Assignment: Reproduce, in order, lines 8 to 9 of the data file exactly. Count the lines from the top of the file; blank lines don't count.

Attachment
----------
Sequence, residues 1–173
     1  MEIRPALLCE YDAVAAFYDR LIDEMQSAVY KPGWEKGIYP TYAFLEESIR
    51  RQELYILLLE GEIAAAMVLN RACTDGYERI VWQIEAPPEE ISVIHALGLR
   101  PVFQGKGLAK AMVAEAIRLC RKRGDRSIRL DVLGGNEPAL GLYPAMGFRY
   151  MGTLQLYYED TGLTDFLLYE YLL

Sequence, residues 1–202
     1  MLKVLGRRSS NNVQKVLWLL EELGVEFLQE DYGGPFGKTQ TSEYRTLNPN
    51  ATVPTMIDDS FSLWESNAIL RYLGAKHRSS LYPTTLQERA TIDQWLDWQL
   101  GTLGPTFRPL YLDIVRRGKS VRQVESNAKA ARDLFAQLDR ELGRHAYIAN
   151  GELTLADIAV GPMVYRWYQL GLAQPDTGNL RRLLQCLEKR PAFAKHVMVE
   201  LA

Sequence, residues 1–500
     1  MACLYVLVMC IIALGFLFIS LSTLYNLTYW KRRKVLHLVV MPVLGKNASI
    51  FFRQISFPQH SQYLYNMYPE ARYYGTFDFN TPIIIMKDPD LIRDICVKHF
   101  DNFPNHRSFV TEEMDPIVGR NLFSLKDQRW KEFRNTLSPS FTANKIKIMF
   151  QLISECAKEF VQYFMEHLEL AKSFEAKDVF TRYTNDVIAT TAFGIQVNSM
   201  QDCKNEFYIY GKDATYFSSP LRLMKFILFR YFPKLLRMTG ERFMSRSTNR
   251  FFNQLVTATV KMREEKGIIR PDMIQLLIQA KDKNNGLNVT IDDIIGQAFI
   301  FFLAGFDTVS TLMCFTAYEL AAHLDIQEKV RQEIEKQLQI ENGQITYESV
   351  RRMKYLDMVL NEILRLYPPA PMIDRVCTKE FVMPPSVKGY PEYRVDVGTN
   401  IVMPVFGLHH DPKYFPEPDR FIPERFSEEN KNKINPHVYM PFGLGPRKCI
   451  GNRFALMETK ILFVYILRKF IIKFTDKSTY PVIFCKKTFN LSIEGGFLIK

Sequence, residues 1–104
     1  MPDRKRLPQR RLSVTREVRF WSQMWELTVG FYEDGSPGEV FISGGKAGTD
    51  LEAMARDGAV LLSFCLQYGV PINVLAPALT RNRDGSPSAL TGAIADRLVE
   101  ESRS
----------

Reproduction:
    51  ATVPTMIDDS FSLWESNAIL RYLGAKHRSS LYPTTLQERA TIDQWLDWQL
   101  GTLGPTFRPL YLDIVRRGKS VRQVESNAKA ARDLFAQLDR ELGRHAYIAN